Top 500 trends

Richard Walsh rbw at ahpcrc.org
Wed Nov 27 16:28:09 EST 2002


On 27 Nov 2002, Robert Brown wrote:

>On still other sides, "supercomputers are clusters".
>
>We should probably differentiate between vector supercomputers (Greg's
>point, which is well taken) and e.g. SP supercomputers, which are
>basically clusters.  Really expensive clusters, but clusters.

 This IS an important point ... in that Power 4 clusters even with
 one core turned off do not compete with vector machines or even the
 Alpha or the best P4 nodes on a stream bandwidth basis. So as "really
 expensive clusters" as Robert puts it, what is the extra money going
 for ... I guess excellent in-cache peformance, 64-address space,
 some operating system niceties perhaps, and IBM's support/service 
 to a captured/installed market.  There may be other items that I am
 missing here, but most of these features can be had elsewhere for
 a substantial discount ... they are just not Big or Blue.

 On the other hand, the X1 and SX5/6 machines offer the still-unique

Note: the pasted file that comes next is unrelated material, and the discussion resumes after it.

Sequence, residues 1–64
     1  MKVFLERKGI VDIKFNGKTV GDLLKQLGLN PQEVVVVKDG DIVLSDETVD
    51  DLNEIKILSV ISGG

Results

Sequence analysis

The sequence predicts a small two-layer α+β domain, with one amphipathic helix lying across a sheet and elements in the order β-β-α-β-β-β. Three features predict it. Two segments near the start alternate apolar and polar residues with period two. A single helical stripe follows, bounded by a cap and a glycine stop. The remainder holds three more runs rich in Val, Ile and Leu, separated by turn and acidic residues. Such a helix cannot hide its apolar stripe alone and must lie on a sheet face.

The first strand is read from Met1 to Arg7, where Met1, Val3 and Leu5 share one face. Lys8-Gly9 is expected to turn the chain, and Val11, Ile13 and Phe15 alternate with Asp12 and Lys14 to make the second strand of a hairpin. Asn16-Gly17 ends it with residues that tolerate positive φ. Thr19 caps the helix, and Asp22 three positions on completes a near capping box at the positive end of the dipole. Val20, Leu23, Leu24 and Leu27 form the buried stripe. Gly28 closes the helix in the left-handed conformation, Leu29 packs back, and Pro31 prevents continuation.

(but shrinking) per CPU bandwidth capability of the vector architecture 
 (now combined in systems that scale to 1000s of processors).  The price 
 is high, but such a 1000+ processor, vector system (especially with 
 its BMM hardware) is the right choice for customers with ready supplies 
 of your tax dollars ( ;-) ). 

 They can even trump the bandwidth of the large cluster Mark was refering
 to on an absolute performance basis.  The question for the buyer is, "Can 
 I shrink my code's foot print inside the cheap-cluster node's ever increasing 
 cache and if so, do I have more time/talent on my hands or money."  If the
 answer is more money, then buy the "vector cluster". 

 There are a couple less dominant points like SSI, administrative costs, 
 percent utilization, and sustaining the capacity to design custom processor
 /system in the US ... where the custom engineered vector system may also 
 have an edge.

 rbw

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